In the area of law, men like Christopher Columbus Langdell, Roscoe Pound, Oliver Wendell Holmes, Jr., and Benjamin Cardozo moved the discipline of law away from its Biblical moorings, as evinced in Puritan Commonwealth documents like “Abstract of the Laws of New England,” towards standards that evinced a humanistic, evolutionary, naturalistic, and statist paradigm. In the late 1800s, Langdell did yeoman work, moving law training away from a century of Constitution-centered American lawyers to Darwinian inspired notions where the law was perceived to be moving (case law training). By Langdell’s work, the Constitution came to be seen as evolving under the guidance of an imperial judiciary. Roscoe Pound followed Langdell at Harvard Law School and strengthened Langdell’s notions of law set inside an evolutionary Weltanschauung. At one point, Pound wrote:
We have . . . the same task in jurisprudence that has been achieved in philosophy, in the natural sciences and in politics. We have to rid ourselves of this sort of legality and to attain a pragmatic, a sociological legal science.1
It would take paragraphs to tease out all that is wrong about this quote, but at the very least, following Langdell, Pound subtly advocates using the law in an evolutionary sense (hence the pragmatic nature) to serve pagan-elitist societal norms which were perceived as changing. Secondly, Pound presupposes that law can be a “legal science,” as if that “legal science” can exist without being derivative of some theology or God-concept. Science of any form is just a handmaiden to some theology. Pound’s irrational search was for an objective point of reference based upon changing subjective norms. Pound’s desire to attain a pragmatic, sociological legal science presupposes a pagan theological paradigm (legal positivism) that stands in antithesis with a Biblical paradigm.
Oliver Wendell Holmes served on the U.S. Supreme Court from 1902-1932. In defining truth, Holmes wrote that it was “the majority vote of the nation that can lick all the others.” Holmes’s view of law paralleled his view of truth, as he rejected absolutist and transcendent moral categories for law, opting instead for a kind of cultural relativism. Per Holmes, the justification of a law for us cannot be found in the fact that our fathers always have followed it. It must be found in some help which the law brings toward reaching a social end. It is this view of law that Chief Justice John Roberts invoked when he said, in his support for Obamacare: “It is not our job to protect the people from the consequences of their political choices.” This is perfect Holmesian reasoning. What is Roberts saying except that his decision was based on the fact that a majority vote can “lick all others”?2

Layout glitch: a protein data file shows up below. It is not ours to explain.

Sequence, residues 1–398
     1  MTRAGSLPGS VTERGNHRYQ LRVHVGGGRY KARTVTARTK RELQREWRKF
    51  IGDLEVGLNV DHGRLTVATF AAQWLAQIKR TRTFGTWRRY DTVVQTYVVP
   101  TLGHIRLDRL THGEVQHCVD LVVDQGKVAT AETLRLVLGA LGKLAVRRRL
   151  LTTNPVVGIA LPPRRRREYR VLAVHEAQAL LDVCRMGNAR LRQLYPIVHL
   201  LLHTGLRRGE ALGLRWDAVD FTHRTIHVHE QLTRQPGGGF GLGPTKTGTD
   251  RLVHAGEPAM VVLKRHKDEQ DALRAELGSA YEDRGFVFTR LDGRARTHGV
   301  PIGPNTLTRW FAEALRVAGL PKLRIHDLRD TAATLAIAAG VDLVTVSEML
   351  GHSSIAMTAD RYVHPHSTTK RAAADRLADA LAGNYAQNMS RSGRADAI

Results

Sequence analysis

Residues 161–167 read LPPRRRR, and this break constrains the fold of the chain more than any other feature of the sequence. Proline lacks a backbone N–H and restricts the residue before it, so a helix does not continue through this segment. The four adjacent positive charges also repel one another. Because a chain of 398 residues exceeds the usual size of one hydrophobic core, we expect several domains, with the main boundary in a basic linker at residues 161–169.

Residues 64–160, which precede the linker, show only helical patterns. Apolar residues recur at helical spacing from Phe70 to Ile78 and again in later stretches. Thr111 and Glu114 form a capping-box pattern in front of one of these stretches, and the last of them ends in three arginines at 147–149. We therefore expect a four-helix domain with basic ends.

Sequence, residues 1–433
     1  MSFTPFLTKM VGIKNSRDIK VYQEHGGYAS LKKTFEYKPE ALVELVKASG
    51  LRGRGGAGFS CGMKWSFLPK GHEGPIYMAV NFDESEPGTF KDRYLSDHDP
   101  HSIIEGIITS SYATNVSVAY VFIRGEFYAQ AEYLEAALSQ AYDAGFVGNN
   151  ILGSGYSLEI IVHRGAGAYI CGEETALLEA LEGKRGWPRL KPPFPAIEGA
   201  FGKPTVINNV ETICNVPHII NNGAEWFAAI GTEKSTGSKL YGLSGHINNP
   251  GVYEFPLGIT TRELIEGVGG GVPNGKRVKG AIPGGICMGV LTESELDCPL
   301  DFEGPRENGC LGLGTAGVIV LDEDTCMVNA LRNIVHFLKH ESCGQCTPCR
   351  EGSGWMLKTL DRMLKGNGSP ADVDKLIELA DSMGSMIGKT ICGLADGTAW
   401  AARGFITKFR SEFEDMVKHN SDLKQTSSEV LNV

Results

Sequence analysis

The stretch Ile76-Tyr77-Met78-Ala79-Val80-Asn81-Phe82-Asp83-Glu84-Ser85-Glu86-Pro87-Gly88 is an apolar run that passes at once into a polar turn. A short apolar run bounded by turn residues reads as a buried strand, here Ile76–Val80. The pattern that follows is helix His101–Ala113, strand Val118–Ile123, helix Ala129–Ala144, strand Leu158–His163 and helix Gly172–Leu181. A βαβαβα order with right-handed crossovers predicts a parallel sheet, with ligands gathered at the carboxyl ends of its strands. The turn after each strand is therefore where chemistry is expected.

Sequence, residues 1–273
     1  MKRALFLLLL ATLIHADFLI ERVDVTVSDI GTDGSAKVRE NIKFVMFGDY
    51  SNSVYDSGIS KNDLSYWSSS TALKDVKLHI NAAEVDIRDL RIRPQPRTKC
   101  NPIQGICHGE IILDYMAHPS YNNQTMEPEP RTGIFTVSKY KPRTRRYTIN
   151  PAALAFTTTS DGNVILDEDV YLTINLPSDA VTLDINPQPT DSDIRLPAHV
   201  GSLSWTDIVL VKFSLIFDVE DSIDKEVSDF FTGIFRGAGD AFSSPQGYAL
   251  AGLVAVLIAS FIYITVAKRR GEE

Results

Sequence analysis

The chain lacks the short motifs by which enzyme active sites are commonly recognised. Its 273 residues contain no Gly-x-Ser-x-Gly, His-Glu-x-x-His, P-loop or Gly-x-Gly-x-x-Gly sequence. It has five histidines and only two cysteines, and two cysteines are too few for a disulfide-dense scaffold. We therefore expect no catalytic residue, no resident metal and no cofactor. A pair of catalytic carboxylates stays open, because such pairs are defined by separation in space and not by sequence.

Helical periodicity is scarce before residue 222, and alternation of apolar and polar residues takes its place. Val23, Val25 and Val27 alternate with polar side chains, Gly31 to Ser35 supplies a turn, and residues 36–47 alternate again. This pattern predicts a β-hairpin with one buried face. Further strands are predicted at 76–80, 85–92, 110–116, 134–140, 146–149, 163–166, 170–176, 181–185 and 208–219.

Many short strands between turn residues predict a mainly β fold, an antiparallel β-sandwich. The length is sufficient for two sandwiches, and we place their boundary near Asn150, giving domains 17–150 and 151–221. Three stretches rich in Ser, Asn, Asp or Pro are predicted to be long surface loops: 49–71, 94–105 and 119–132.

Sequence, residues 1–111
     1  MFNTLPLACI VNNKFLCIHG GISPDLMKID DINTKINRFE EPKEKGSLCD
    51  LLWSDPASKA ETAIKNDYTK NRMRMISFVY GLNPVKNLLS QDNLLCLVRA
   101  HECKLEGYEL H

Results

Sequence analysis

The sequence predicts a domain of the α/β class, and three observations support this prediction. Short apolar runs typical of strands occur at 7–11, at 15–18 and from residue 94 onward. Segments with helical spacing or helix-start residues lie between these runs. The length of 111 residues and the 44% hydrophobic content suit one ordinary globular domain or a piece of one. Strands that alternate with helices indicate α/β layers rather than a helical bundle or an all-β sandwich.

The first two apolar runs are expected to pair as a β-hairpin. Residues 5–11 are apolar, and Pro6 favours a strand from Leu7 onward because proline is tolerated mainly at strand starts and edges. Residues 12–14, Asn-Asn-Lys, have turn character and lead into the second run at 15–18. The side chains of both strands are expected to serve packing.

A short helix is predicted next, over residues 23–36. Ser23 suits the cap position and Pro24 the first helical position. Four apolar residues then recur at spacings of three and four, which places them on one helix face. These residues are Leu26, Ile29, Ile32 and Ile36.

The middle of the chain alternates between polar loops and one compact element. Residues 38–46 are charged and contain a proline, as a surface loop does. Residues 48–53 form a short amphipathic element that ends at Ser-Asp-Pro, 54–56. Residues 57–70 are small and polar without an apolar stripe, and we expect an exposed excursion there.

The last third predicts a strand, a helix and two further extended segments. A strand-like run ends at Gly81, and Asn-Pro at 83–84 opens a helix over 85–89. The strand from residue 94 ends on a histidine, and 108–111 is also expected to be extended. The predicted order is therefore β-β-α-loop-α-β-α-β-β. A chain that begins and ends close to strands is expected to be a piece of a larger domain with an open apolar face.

Once again, we see an evolutionary view of law, where law is understood not as something static or eternal, but rather as something constantly in flux and serving ever-changing social ends.
Finally, for purposes illustrative to show that some other lord has usurped the Crown Rights of King Jesus in the field of law, and to establish that a neutral realm is a myth, we cull a couple of quotes from former U.S. Supreme Court Justice Benjamin Cardozo, who said, “I take judge-made law as one of the existing realities of life.”3 But what is judge-made law except that it is man-made law with man as lord?
In another place, Cardozo stated, “If there is any law which is back of the sovereignty of the state, and superior thereto, it is not law in such a sense as to concern the judge or lawyer, however much it concerns the statesman or the moralist.”4 Cardozo here clearly has citizens living, moving, and having their being in the State.
The Church has the clear responsibility of proclaiming to God’s people that the transcendent reference point for law is found in the Law-Word of King Jesus, and it is the Church’s shame that her pulpits are full of men who are mute to this responsibility.
- Roscoe Pound, “Mechanical Jurisprudence,” Columbia Law Review, vol. 8, no. 8, December 1908, p. 609 ↩
- Oliver Wendell Holmes, Jr., Collected Legal Papers. NY: Harcourt, Brace and Company, 1920, p. 225, “The Law in Science-the Science in Law.” Cited in Barton, Original Intent, p. 229. ↩
- The Nature of the Judicial Process 10 (1921). ↩
- Benjamin Cardozo Problematics, supra note 2, at 1638 ↩